Sometimes a book comes along that is written in a voice so bizarre and so steadfast, so almost chant-like, that it worms inside my head and plays over and over until I find myself unconsciously putting its somewhat archaic words and phrases to everyday use. Whilst reading With The Animals, I am all of a sudden “canoodling”, “yammering”, “palavering” and “gallivanting” through a world furnished with “snot-rags” and “flyspecks”, “gizmos” and “critters.”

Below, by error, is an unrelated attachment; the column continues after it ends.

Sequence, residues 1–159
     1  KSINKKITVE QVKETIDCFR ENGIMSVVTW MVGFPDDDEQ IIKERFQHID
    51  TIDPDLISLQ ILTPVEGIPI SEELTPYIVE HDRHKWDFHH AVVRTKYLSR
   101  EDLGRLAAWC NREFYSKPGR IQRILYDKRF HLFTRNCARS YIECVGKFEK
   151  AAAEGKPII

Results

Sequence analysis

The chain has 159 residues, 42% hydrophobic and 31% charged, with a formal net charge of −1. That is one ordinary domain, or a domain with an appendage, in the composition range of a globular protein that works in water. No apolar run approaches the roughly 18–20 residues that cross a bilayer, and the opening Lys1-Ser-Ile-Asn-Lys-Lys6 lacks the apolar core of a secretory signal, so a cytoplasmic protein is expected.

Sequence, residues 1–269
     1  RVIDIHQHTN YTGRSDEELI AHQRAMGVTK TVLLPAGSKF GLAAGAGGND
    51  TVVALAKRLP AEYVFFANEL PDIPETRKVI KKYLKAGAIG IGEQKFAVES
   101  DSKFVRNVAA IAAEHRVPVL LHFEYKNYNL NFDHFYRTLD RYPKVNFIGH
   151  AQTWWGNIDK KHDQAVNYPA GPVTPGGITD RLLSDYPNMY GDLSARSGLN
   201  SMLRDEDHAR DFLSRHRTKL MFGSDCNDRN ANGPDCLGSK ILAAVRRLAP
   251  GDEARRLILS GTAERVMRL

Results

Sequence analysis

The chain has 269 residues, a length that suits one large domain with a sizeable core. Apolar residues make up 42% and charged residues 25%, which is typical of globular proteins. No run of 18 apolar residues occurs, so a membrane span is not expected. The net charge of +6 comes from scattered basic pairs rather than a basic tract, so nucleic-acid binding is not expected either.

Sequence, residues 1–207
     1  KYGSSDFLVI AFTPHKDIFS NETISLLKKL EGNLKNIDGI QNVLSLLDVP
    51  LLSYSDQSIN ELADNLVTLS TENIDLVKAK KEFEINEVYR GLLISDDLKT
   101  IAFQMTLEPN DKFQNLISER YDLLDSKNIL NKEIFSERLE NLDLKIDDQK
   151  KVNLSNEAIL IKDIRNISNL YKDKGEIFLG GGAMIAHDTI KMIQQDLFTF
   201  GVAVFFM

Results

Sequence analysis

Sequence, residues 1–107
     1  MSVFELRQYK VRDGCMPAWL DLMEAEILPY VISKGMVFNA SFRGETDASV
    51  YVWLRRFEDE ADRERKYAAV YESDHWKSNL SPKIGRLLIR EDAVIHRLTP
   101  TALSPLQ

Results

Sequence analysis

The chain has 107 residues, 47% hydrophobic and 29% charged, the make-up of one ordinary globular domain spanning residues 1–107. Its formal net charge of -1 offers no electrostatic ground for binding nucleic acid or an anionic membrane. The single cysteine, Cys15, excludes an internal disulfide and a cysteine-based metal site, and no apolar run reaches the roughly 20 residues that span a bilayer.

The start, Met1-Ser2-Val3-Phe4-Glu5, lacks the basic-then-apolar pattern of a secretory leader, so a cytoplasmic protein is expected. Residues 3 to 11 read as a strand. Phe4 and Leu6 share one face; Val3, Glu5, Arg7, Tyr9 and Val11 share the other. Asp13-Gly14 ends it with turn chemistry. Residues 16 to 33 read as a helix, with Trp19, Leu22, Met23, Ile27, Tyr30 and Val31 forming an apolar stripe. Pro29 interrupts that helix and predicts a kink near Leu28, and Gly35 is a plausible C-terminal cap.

With The Animals is the second novel by Franco-Swiss author, Noëlle Revaz, and the voice from which I am stealing is that of Paul: a middle-aged dairy farmer, husband to Vulva and father of “six brats at least.” Paul is a hardworking, hard-drinking, hardhearted man, and his is a life of self-inflicted hardship.  Paul is all passion before sense, all anger and hunger and lust. If there are any crumbs of true affection in his shrivelled turd of a heart, then every last one is reserved for his cattle. “Yet I know what it feels like, the way it is when you love”, he says, “you keep squying at her and sighing, you have the everlasting fear something bad might occur to damage her about the horns or make you call the vet.” Paul treats his herd with a tenderness never extended toward his human family. The children have presence only in passing: they idle around the farmyard, they whisper to one another in their beds at night, they skitter instinctively from their father’s path whenever he approaches. At one point, Paul boasts how “all them cows, I know them and I have their names by heart.  I can tell when they was born, what diseases they’ve had, and their mother’s name.” Whereas on the subject of his offspring, he is quick to confess how he’s “never able to take to them nor put their names on each.”